Usualising intersex – I don’t need normalising

Anick is the founder of Intersex Advocates & Friends, and is working to share his story and journey of intersex acceptance. For Pride month, he spoke to us about his experience coming out, and normalising intersex.

True Stories

My name is Anick and I’m 23 years old. I work with lots of organisations as a Creative Producer, Researcher and Advocate for equality – oh, and I’m also intersex. It’s one of the least discussed topics in society, and I’m one of the people trying to change that.

“Intersex” is an umbrella term

It’s used to describe people that fall outside of the traditional biological concepts of what we know about male and female bodies. Intersex is a matter of sex which focuses on a person’s anatomy. It’s different from gender, which is about a social role and identity. It’s also distinct from sexuality, which is more concerned with who a person is attracted to. Some people have intersex characteristics identified at birth. Others may discover this during puberty or later in life. Intersex children are brought up as either male or female, and the decision is often made by health professionals.

Being intersex can feel isolating

I identified as intersex from birth, but was frequently left out of decisions about my care. This made me feel like there was nobody else like me. As I grew up, those around me noticed how I didn’t fit in. There was something “unusual” about my body, because I didn’t look like the other little boys and girls. Intersex people often undergo medical procedures which aim to “fix” or “normalise” their bodies. For me, that took the form of countless surgeries and hormone treatments.

I felt like an alien being experimented on

Neither myself or my family were offered any kind of support. This made things worse. I grew up believing other intersex people didn’t exist, and thinking that my existence was wrong. I developed an extremely unhealthy view of my body and felt like those choices made for me were in my best interest. One day I hope we live in a more inclusive and accepting society. I often wonder what my life would have been like if they waited until I could voice my own opinion, before they made decisions on my body.

I just wanted to stop hiding

I will never forget the moment when I told my best friends I was intersex. I don’t really know how I was expecting them to react, and was a nervous wreck. I just told them I needed to “tell them something important”. In the slowest possible way I explained my truth to them. It was an incredibly big deal for me. After two decades of believing, and convincing myself, that I was an unlovable freak, I finally developed the courage to utter the words “I am intersex” to those around me.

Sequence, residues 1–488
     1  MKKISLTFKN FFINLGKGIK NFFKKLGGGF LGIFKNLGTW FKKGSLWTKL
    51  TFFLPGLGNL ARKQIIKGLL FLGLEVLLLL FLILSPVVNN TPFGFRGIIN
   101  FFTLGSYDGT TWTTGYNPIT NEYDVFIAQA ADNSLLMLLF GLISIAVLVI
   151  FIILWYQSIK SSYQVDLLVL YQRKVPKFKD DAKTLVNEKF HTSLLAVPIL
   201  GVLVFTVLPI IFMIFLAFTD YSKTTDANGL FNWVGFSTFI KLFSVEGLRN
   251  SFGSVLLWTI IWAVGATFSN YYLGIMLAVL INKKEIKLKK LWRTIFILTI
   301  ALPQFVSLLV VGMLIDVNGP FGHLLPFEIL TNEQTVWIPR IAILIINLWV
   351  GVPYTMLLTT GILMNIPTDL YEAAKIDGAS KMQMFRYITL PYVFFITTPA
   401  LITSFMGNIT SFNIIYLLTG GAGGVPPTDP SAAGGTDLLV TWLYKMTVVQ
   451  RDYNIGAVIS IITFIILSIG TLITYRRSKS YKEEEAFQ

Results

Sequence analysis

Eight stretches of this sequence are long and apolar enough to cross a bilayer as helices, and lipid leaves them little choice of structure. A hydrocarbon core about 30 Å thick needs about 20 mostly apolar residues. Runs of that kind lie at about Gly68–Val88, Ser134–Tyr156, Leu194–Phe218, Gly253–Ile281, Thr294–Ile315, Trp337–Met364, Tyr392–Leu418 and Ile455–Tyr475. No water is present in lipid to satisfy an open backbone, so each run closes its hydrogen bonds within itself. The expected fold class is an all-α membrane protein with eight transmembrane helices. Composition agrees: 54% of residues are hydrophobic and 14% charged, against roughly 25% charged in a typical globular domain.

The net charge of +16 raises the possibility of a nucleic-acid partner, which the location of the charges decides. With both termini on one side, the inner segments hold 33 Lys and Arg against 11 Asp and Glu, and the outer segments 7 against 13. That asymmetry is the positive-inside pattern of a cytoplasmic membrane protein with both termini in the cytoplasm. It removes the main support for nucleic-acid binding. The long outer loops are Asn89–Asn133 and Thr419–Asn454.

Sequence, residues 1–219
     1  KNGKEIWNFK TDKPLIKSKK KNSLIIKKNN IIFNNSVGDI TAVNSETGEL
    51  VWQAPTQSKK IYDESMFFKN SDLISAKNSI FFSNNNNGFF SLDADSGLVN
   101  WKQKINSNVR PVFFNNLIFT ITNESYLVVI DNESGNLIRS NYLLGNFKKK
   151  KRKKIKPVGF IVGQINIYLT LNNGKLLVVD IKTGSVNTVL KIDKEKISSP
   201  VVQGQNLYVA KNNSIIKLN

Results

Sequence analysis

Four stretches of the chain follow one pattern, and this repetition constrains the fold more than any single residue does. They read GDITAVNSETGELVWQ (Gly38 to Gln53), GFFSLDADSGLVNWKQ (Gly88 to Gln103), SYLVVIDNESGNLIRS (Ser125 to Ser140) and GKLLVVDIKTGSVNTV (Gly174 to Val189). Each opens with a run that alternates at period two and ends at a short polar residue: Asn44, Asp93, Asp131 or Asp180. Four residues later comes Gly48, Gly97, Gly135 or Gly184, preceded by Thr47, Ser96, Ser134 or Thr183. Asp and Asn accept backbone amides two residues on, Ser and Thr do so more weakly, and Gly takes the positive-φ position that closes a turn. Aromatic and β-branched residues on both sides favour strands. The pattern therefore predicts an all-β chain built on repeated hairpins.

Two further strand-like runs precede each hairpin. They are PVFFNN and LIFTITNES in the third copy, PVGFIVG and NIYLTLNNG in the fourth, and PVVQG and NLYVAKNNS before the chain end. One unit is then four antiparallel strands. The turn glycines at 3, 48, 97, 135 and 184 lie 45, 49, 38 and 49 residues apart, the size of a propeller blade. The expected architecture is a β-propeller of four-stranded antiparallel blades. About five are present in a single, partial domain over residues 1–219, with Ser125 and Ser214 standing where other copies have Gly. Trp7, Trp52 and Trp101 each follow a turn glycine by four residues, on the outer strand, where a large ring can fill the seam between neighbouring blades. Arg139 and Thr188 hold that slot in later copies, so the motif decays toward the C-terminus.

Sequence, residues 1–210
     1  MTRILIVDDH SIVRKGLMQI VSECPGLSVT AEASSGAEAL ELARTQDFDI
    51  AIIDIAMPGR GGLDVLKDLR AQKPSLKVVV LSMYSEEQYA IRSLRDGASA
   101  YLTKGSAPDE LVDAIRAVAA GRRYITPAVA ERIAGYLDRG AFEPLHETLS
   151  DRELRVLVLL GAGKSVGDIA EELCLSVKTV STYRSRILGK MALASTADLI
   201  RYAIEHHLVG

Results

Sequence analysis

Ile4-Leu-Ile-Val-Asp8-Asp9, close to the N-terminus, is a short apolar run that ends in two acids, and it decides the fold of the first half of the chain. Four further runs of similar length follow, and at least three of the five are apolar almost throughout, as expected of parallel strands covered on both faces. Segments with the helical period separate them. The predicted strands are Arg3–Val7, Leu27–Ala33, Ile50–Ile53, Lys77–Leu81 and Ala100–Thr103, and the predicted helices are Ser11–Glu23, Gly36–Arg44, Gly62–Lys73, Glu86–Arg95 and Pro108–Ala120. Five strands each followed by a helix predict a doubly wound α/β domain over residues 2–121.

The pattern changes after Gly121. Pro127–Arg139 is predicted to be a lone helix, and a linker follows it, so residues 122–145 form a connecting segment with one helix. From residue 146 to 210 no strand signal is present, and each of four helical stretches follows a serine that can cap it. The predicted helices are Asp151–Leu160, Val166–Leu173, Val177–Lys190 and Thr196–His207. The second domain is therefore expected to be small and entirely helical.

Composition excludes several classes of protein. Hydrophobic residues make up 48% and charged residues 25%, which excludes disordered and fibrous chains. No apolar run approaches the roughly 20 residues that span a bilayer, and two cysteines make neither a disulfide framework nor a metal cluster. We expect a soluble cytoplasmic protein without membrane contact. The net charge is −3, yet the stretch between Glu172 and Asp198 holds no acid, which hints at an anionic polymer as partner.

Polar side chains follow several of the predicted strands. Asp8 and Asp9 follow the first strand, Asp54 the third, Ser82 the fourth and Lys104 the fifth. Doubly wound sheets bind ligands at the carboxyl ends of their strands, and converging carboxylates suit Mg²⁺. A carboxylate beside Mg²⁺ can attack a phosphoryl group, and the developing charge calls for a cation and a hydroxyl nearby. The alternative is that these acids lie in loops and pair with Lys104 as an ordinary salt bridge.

My story can help teach others

I armed myself with knowledge that I was born this way, and made online friends who had similar experiences in life. I gathered people at my home, after telling them I needed to talk. It was enjoyable wondering what they were all thinking – they almost never suspect intersex. Most of them had never heard of it before, but it was a beautiful moment, albeit filled with tears, hugs and lots of confusion.

Treat it as though it’s not that of a big deal

It’s a very important personal moment in your life, but nowadays, when I come out, I tend to just throw it into the conversation. Of course, not everyone will be positive about who you are, and you’ll probably be coming out in one way or another for the rest of your days, but it gets better. How people react will tell you all you need to know about them.

The intersex community is wonderful

I have made friends that I regularly keep in contact with, collaborate on projects with and just vent to whenever I’m feeling particularly low. The advice I’d have for anyone who has an intersex person in their life is this: find acceptance in yourself, before trying to seek it in others. Coming out is a personal choice, and it is never a requirement. Whether you’re ready to tell the whole world, or just want to find some others to talk to – there are people who are ready and willing to listen. Instead of normalising intersex bodies; let’s start to usualise them.

Next Steps

  • Intersex UK offer advice and support on intersex issues.
  • Do you want to understand your relationship better? Love Smart helps you work it all out.
  • Chat about this subject on our Discussion Boards.
  • Need help but confused where to go locally? Download our StepFinder iPhone app to find local support services quickly.

By

Updated on 28-Jun-2018